Will Sierra Leone ever achieve peace and
Abdul R Thomas
Editor – The Sierra Leone Telegraph
13 October 2011
It is ten years since the end of a
brutal war in Sierra Leone that took the
lives of over 200,000 people. But peace
and reconciliation is looking ever so
The idea that sustainable peace and
reconciliation – founded on forgiveness,
has taken root, is now fast giving way
to a loud call for retribution and
There is no doubt that the immense loss of life and
suffering caused by various factions during the war,
has left a wound that is refusing to heal, and
politicians are conveniently exploiting the pain of
those wounded by that loss.
The call for 'justice' by the APC government of
president Koroma and families of 29 senior military
officers and civilians executed by the National
Provisional Ruling Council (NPRC), which took power
through a military coup in 1992 - at the height of
the rebel war is growing louder. They want an
inquest into the death of The 29.
Some are even calling for the arrest and court trial
of one man – the presidential candidate of the
opposition Sierra Leone Peoples’ Party (SLPP), who
was the information minister of the NPRC at the time
arrest and execution of
There are many surviving members of the NPRC in the
country today, including the former chairman and
leader of the military coup. Others are serving
ministers, senior security and public officials of
the present Koroma led government.
The country’s Truth and Reconciliation Commission
Report into the causes of the war, makes for sober
reading. But in fairness, does not give closure to
the families of the bereaved. What it does achieve
however, is to put into the annals of history an
official account of what took place during those
And each time one reads the evidence and testimonies
given to the Commission, the painstaking search for
names of those bearing the greatest responsibility -
who are still alive today, becomes more urgent.
Sadly, on each occasion one is left disappointed.
But perhaps it is also encouraging to note that the
APC government itself does not seriously believe
that there is any one alive in the country today,
against whom criminal charges for war crimes can be
safely brought - based on available evidence, so as
to promote an end to impunity.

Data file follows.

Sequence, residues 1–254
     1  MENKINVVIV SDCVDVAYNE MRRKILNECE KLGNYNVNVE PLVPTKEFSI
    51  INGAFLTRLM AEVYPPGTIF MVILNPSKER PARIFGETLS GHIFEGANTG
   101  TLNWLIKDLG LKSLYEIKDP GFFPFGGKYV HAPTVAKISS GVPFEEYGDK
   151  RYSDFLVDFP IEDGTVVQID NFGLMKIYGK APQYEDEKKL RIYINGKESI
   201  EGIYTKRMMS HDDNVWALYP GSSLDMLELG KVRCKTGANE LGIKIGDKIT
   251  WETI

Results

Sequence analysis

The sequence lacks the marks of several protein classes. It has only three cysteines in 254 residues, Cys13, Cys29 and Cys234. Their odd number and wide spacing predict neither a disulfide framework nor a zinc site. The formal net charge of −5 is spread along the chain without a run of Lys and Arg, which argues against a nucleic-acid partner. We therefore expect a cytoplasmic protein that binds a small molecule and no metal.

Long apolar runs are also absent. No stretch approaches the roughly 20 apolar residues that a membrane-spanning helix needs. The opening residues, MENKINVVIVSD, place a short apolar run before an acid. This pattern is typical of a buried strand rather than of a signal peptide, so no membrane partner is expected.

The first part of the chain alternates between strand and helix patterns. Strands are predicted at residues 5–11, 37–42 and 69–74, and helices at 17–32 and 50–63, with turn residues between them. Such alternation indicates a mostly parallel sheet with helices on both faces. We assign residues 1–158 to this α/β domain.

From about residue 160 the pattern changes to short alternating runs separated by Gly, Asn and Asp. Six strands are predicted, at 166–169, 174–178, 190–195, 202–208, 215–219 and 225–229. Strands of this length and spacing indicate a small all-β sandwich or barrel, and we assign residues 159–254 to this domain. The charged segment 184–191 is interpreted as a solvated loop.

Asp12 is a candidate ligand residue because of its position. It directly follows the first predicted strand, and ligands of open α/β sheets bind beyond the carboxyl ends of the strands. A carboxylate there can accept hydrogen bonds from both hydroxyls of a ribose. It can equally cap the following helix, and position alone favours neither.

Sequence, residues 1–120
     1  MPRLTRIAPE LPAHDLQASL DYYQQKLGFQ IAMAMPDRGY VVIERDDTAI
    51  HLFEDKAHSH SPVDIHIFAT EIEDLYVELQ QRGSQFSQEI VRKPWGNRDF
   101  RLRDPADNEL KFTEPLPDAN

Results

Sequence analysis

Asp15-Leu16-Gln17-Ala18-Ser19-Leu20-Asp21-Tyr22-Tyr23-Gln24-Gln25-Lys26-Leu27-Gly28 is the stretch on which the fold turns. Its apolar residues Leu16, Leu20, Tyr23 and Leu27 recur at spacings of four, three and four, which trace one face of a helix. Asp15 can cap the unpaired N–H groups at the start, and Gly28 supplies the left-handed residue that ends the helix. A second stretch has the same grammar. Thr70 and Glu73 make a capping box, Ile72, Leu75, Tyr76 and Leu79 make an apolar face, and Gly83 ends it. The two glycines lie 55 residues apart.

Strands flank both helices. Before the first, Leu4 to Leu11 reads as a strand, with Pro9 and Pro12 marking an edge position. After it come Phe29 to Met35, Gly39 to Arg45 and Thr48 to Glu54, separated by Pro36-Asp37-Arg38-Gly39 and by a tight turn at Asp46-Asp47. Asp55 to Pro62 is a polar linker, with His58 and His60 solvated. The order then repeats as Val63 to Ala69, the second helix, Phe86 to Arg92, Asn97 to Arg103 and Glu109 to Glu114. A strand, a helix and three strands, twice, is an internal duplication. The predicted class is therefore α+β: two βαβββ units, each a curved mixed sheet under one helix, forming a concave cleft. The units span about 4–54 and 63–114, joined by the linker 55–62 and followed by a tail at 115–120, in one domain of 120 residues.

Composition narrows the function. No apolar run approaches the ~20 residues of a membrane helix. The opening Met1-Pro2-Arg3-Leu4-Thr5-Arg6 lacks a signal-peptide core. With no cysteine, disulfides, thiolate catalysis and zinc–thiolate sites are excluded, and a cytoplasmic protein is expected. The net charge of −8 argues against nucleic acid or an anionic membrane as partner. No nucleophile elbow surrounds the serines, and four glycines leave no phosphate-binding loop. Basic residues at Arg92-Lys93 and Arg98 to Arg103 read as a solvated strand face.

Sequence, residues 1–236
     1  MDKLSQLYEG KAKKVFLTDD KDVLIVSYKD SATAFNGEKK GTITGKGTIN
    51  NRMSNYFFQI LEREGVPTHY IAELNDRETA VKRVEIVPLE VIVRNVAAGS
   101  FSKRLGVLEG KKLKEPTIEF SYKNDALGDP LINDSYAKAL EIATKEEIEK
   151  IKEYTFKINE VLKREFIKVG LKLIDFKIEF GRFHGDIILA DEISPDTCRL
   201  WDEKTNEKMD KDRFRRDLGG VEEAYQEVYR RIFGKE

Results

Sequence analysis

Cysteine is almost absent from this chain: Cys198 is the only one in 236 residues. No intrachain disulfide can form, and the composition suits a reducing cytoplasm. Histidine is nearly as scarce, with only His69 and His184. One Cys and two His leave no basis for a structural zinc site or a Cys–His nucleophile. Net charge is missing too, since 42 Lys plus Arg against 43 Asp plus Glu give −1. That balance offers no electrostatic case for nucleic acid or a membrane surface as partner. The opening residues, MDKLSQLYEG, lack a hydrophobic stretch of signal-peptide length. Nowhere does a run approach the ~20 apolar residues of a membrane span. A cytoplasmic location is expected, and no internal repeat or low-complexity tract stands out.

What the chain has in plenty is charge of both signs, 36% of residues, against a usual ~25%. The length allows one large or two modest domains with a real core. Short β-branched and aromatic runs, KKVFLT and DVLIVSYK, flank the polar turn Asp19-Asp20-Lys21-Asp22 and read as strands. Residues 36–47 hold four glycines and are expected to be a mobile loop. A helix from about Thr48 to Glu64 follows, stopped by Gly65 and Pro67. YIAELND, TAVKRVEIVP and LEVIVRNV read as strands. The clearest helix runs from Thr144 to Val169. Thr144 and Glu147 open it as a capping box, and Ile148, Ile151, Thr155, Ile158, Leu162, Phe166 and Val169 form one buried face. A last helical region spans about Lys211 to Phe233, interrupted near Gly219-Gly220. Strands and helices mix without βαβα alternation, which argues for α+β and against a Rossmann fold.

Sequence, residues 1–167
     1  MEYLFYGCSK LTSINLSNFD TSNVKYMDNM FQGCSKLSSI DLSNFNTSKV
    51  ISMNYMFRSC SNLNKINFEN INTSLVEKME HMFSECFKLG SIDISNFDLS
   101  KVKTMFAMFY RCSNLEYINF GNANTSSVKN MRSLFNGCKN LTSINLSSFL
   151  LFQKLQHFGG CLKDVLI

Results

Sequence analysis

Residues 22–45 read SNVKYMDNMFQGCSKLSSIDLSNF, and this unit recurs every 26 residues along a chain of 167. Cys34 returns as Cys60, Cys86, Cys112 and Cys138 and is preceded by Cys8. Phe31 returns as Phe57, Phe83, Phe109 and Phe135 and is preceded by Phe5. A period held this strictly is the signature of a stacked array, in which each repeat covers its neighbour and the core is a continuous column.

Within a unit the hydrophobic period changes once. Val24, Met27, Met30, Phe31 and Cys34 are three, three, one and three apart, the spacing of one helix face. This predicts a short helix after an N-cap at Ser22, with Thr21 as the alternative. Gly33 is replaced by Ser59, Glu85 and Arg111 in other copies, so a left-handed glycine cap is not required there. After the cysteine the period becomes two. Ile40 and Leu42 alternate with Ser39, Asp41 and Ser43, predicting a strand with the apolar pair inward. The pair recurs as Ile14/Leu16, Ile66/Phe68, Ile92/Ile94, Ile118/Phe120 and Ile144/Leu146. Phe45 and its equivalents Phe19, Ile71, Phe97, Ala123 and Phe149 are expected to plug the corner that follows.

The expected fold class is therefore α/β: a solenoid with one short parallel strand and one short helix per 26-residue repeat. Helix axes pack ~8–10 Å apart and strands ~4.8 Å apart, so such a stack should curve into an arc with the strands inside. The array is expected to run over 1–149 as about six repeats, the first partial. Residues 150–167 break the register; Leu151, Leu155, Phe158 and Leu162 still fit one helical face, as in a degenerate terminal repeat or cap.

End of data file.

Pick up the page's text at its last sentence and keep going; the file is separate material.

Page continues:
Yet, the pain of the bereaved families after almost
twenty years is being made difficult to heal by a
society and political class, which seems intent on
fuelling the very culture of retribution and
impunity, cited in the TRC Report.
Those who argue that peace cannot be achieved
without justice, must remember that for justice to
be seen to be done, it must be predicated upon the
rule of Law and due process.
The rule of Law itself is based upon the universal
notion of 'innocence until proven guilty'. This
principle becomes even more paramount, when
confronted with allegations of criminal liability
for murder, which the families of The 29 and
government politicians are seeking to pursue.
Of course, the problem with seeking criminal
liability for murder is that it must be proven
beyond all reasonable doubt, as otherwise a
conviction may be deemed unsafe; and if upheld, will
go on to fuel the pernicious cycle of impunity and
Sadly, the body of evidence needed to convict in any
such court trial for the alleged murder of The 29 by
the NPRC, after almost twenty years is not
And it is for this reason - and this reason alone,
that the APC government must have taken its own
counsel, through the advice of the Attorney General
that the pursuit of justice, based upon the rule of
law, cannot be safely achieved.
This therefore makes the call for 'an inquest' also
legally problematic. For an inquest to be held, the
government must be satisfied that it can
successfully investigate and determine cause or
causes of death; and perhaps more importantly,
obtain testimonies from witnesses and all those
alleged to have been involved in the running of the